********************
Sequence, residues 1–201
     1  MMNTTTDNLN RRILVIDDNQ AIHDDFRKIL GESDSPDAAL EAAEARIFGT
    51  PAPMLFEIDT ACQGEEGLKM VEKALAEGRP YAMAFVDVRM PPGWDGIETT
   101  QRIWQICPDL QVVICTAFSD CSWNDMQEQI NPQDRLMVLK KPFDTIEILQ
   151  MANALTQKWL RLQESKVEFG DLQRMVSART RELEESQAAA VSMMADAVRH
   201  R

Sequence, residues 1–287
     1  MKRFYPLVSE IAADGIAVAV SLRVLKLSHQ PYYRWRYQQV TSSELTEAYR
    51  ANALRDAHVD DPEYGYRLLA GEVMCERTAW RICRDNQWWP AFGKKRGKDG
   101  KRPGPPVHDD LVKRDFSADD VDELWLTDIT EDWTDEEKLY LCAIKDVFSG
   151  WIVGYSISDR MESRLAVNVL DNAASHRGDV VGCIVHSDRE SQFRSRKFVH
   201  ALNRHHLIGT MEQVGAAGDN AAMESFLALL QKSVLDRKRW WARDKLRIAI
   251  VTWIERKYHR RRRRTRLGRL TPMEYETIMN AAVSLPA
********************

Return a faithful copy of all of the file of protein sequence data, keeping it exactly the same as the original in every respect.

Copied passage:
Sequence, residues 1–201
     1  MMNTTTDNLN RRILVIDDNQ AIHDDFRKIL GESDSPDAAL EAAEARIFGT
    51  PAPMLFEIDT ACQGEEGLKM VEKALAEGRP YAMAFVDVRM PPGWDGIETT
   101  QRIWQICPDL QVVICTAFSD CSWNDMQEQI NPQDRLMVLK KPFDTIEILQ
   151  MANALTQKWL RLQESKVEFG DLQRMVSART RELEESQAAA VSMMADAVRH
   201  R

Sequence, residues 1–287
     1  MKRFYPLVSE IAADGIAVAV SLRVLKLSHQ PYYRWRYQQV TSSELTEAYR
    51  ANALRDAHVD DPEYGYRLLA GEVMCERTAW RICRDNQWWP AFGKKRGKDG
   101  KRPGPPVHDD LVKRDFSADD VDELWLTDIT EDWTDEEKLY LCAIKDVFSG
   151  WIVGYSISDR MESRLAVNVL DNAASHRGDV VGCIVHSDRE SQFRSRKFVH
   201  ALNRHHLIGT MEQVGAAGDN AAMESFLALL QKSVLDRKRW WARDKLRIAI
   251  VTWIERKYHR RRRRTRLGRL TPMEYETIMN AAVSLPA